The more the addict descends into madness, the more the craving for normalcy rises in the family around them. We chase that which we no longer have – calm, peace and joy. We ask ourselves, what would our lives look like if addiction had never intruded into our reality? What would life be like if we were a normal family? How awesome would that be?
But chasing normalcy is a fool’s errand. Our lives are, in fact, no longer normal. Our sons and daughters, spouses and siblings have thrust their addictive choices into our existence. It’s here, it’s present, no matter how much we would rather it not be.
And the question often asked is “why?”
“Why” is, on its face, a useless question. Why it happened no longer matters. When asking that question, we wallow in self-pity and complain about our lives as compared to the happy families we see and hear so much about. But if we are prepared to go deep, “why” becomes the question.
Why does anything come into our lives?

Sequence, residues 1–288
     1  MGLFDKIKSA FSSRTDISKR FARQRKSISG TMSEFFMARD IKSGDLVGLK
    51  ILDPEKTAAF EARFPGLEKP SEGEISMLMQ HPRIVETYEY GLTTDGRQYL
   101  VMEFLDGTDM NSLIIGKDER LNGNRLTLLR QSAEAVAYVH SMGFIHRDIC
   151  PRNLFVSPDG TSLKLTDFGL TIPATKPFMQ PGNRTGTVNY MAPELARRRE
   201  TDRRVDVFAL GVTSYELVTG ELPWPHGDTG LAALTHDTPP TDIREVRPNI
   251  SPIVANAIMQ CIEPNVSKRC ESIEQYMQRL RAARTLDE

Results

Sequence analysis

What are we to do with the lives we have been given?
Grumble? Complain? Brag? Indulge?
I’ve been reading “The Big Book,” the AA, Alcoholics Anonymous book lately (more on that in a future post). I came across something last night that gave me great pause. “We grow by our willingness to face and rectify errors and convert them into assets. The alcoholic’s past thus becomes the principal asset of the family and frequently it’s the only one!”
Can we think of addiction as our greatest asset? It feels like just the opposite. But what would we do with our lives if we viewed it as an asset? Where would we go with it? What would we do with it?
Our “normal” may not be life in the Norman Rockwell sense. Our normal may be very abnormal as history would judge it. But what is clear is that we are not alone. We live in a time where addiction is all too common. So, where do we go with this? What do we do? How do we redefine normal?
I’ve decided that my first step is to stop chasing normal, to stop running after it as though I’ll be happy when I finally catch it. I’m going to observe this life for what it is, neither condoning it nor condemning it. I’m going to stop wanting something I don’t have, and see if I can somehow come to love what I do have.
Maybe, just maybe, in that quiet space in my mind, I’ll come to see how this could be our greatest family asset. Maybe if I stop raging against the machine, the machine will stop raging against me.